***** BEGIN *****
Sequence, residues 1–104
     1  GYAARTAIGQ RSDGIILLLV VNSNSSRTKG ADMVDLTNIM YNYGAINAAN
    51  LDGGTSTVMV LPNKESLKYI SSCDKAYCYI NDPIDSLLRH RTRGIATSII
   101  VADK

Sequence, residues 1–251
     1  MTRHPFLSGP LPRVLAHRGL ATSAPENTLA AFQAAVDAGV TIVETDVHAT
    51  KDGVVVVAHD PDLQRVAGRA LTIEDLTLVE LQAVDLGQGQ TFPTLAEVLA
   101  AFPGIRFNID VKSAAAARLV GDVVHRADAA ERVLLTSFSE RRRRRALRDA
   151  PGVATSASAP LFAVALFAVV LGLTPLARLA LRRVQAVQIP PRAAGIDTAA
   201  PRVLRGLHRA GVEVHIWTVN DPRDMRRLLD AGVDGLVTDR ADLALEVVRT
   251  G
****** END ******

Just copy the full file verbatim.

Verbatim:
Sequence, residues 1–104
     1  GYAARTAIGQ RSDGIILLLV VNSNSSRTKG ADMVDLTNIM YNYGAINAAN
    51  LDGGTSTVMV LPNKESLKYI SSCDKAYCYI NDPIDSLLRH RTRGIATSII
   101  VADK

Sequence, residues 1–251
     1  MTRHPFLSGP LPRVLAHRGL ATSAPENTLA AFQAAVDAGV TIVETDVHAT
    51  KDGVVVVAHD PDLQRVAGRA LTIEDLTLVE LQAVDLGQGQ TFPTLAEVLA
   101  AFPGIRFNID VKSAAAARLV GDVVHRADAA ERVLLTSFSE RRRRRALRDA
   151  PGVATSASAP LFAVALFAVV LGLTPLARLA LRRVQAVQIP PRAAGIDTAA
   201  PRVLRGLHRA GVEVHIWTVN DPRDMRRLLD AGVDGLVTDR ADLALEVVRT
   251  G